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Iran's Chief Justice Dismisses Human Rights Criticism, Upholds Sharia

Hardliner cleric Ebrahim Raeesi, the new head of the Iran's Judiciary was appointed by Supreme Leader, Ali Khamenei on March 07, 2019.
Hardliner cleric Ebrahim Raeesi, the new head of the Iran's Judiciary was appointed by Supreme Leader, Ali Khamenei on March 07, 2019.

Our ruling establishment is based on Shari'a, and in no way, we will ever give away our religious principles, the head of the Islamic Republic Judiciary has reacted to criticisms of Iran’s human rights violations.

Ebrahim Raeesi (Raisi), who was addressing Iran’s human rights supreme council, insisted that "implementing divine decrees" in the Islamic Republic is "beyond any discussion", and reports on the violation of human rights in Iran are "absolutely wrong and baseless."

Referring to the report recently presented by the UN Special Rapporteur on Human Rights Situation in Iran, Javaid Rehman, the Islamic Republic Judiciary chief said he was "surprised" that a Muslim (Rehman) has compiled a report without "paying attention to (Quran) verses, traditional comments attributed to Prophet Muhammad, and narratives left from Shi'ite Imams.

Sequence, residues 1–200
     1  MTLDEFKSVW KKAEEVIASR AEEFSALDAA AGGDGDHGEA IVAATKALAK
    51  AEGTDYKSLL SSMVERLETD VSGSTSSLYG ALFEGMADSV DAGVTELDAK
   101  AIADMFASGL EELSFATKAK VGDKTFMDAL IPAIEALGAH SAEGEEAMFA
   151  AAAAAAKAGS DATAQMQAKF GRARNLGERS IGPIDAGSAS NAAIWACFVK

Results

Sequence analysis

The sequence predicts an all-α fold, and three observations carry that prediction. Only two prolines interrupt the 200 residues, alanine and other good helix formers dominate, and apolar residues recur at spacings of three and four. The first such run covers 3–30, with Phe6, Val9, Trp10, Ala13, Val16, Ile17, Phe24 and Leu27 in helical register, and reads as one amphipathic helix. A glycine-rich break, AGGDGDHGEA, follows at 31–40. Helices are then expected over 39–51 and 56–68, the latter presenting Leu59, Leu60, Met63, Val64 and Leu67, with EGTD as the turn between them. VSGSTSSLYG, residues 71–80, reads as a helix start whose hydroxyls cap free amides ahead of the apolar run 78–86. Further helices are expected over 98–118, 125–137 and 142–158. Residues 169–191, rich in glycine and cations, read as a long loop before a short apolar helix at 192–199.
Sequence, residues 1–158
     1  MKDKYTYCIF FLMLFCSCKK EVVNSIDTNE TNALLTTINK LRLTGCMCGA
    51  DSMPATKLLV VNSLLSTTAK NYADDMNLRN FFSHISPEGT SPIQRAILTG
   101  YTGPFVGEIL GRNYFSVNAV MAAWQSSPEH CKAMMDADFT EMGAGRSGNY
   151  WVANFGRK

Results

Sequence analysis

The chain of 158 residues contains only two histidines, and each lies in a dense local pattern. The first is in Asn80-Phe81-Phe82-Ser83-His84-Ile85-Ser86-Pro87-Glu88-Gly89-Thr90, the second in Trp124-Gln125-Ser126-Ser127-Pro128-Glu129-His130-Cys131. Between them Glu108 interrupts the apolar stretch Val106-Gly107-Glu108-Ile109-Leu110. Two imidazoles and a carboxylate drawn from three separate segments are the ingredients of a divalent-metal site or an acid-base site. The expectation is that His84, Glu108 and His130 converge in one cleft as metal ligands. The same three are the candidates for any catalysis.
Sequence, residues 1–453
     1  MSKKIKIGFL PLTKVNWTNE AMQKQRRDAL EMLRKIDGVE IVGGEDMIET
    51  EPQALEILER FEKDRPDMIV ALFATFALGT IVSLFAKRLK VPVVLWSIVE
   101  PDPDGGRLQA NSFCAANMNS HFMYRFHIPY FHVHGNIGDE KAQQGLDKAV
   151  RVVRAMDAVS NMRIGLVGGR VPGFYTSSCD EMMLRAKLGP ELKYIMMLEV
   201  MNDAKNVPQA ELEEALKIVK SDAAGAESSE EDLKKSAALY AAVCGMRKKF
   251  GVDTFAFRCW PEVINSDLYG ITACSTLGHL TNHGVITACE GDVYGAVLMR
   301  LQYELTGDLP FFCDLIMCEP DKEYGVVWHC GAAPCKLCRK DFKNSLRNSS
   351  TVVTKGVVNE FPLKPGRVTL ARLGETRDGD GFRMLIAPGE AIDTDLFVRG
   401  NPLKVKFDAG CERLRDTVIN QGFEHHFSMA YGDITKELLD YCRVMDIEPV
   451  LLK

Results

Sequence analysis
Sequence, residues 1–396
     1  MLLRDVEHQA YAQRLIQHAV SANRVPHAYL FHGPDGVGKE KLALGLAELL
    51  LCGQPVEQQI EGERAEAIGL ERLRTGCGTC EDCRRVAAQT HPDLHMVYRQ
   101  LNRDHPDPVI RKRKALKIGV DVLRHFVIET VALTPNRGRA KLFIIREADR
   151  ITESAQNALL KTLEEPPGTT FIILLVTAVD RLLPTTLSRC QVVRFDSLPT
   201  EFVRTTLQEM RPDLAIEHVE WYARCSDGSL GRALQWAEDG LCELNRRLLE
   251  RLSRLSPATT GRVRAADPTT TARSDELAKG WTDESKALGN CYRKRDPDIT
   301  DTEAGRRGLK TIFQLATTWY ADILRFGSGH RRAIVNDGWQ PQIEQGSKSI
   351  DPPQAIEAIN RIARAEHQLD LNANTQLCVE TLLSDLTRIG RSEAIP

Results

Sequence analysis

The UN Rapporteur has collected his data from "hostile" and "unhealthy" sources, the mid-ranking cleric asserted, adding, "The Rapporteur has compiled his report out of envy and hatred against the Islamic Republic."

British-Pakistani legal scholar and Professor of Islamic Law and International Law at Brunel University, Javaid Rehman, 42, was appointed as the United Nations Special Rapporteur on the human rights situation in Iran, on July 7, 2018. A month later, Rehman wrote to the Iranian Government expressing his interest in visiting the country. He said he had already received several reports raising concerns about alleged violations of human rights in the country. Tehran never responded to the request.

Rehman presented his latest report on the situation of human rights in Iran on October 23 to a select committee of the UN General Assembly.

In the report, Rehman explicitly asserted that he had found it "distressing" that Tehran continues using the death penalty, including executing minors.

Iran executed seven child offenders last year and another two so far this year although it is prohibited to apply the death penalty to anyone under age of eighteen, according to human rights law, Javaid Rehman told the UN's human rights committee.

Currently, there are ninety individuals on death row who are under age eighteen at the time of their offenses, Rehman said, and that as of mid-July, at least 173 executions were carried out, including two seventeen-year-old inmates, based on "conservative estimates."

The expert also noted that the execution rate in Iran is dropping, but still "remains one of the highest in the world."